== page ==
public int numberOfCombinations(int[] coins, int target) {    int n = coins.length;    int[][] dp = new int[n + 1][target + 1];    for (int i = 0; i <= n; i++) {        for (int j = 0; j <= target; j++) {            if (i == 0) {                dp[i][j] = 0;            } else if (j == 0) {                dp[i][j] = 1;            } else {                if (j - coins[i - 1] >= 0) {                    dp[i][j] = dp[i - 1][j] + dp[i][j - coins[i - 1]];                } else {                    dp[i][j] = dp[i - 1][j];                }            }        }    }    return dp[n][target];}

Call function like this:

 int result = numberOfCombinations(new int[]{1, 2, 3}, 4);
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Consider the problem of making change for a smaller amount and add a coin of the largest denomination that is less than or equal to the remaining amount. Here is an example of a Python function that solves the coin exchange problem.

### Recursion

 def make_change(amount, denominations):    if amount == 0:        return []    if len(denominations) == 0:        return None    if denominations > amount:        return make_change(amount, denominations[1:])    use_it = make_change(amount - denominations, denominations)    if use_it != None:        return [denominations] + use_it    lose_it = make_change(amount, denominations[1:])    if lose_it == None:        return None    if use_it == None:        return lose_it    return min(use_it, lose_it, key=len)

Explanation for the code:

This function takes in two arguments: an amount to make change for and a list of denominations of coins. It uses recursion to consider two possibilities: using the largest coin denomination or not using it, and returns the solution with the fewest number of coins.

You would call the function like this:

 make_change(100, [1, 5, 10, 25])
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Here the dynamic programming code ends. now we will learn the coin exchange problem using recursion with optimal time complexity.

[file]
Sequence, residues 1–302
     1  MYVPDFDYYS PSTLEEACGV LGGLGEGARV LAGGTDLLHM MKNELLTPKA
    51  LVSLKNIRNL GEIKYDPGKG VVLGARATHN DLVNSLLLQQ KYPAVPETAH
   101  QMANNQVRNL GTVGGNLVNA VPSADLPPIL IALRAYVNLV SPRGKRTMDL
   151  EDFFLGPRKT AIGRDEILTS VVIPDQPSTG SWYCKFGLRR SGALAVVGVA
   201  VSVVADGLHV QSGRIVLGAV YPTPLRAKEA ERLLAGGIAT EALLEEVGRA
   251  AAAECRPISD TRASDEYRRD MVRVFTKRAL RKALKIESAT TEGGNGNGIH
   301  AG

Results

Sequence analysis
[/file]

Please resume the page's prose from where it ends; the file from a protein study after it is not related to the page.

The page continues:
C++ Code: Recursion

 #include #include std::vector make_change(int amount, std::vector denominations) {    if (amount == 0) {        return {};    }    if (denominations.empty()) {        return {};    }    if (denominations > amount) {        return make_change(amount, std::vector(denominations.begin() + 1, denominations.end()));    }    auto use_it = make_change(amount - denominations, denominations);    if (!use_it.empty()) {        use_it.push_back(denominations);        return use_it;    }    auto lose_it = make_change(amount, std::vector(denominations.begin() + 1, denominations.end()));    if (use_it.empty() && lose_it.empty()) {        return {};    }    if (use_it.empty() || (lose_it.size() < use_it.size())) {        return lose_it;    }    return use_it;}

Call the Function like this:

 std::vector result = make_change(100, {1, 5, 10, 25});

It will return the vector of coin denomination which makes change for 100.

Note that in C++, you will have to include <vector> and <algorithm> to use vector and min functions respectively.

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Here is an example of a Java function that solves the coin exchange problem using recursion:

 import java.util.ArrayList;import java.util.List;public class CoinExchange {    public static List makeChange(int amount, int[] denominations) {        if (amount == 0) {            return new ArrayList();        }        if (denominations.length == 0) {            return new ArrayList();        }        if (denominations > amount) {            int[] newDenominations = new int[denominations.length - 1];            for (int i = 1; i < denominations.length; i++) {                newDenominations[i-1] = denominations[i];            }            return makeChange(amount, newDenominations);        }        List useIt = makeChange(amount - denominations, denominations);        if (!useIt.isEmpty()) {            useIt.add(denominations);            return useIt;        }        List loseIt = makeChange(amount, new int[denominations.length - 1]);        if (useIt.isEmpty() && loseIt.isEmpty()) {            return new ArrayList();        }        if (useIt.isEmpty() || (loseIt.size() < useIt.size())) {            return loseIt;        }        return useIt;    }}

You call the function like this :

 List result = CoinExchange.makeChange(100, new int[]{1, 5, 10, 25});

It will return the list of coin denomination which makes change for 100.

Note that in this code, I have used ArrayList and Integer.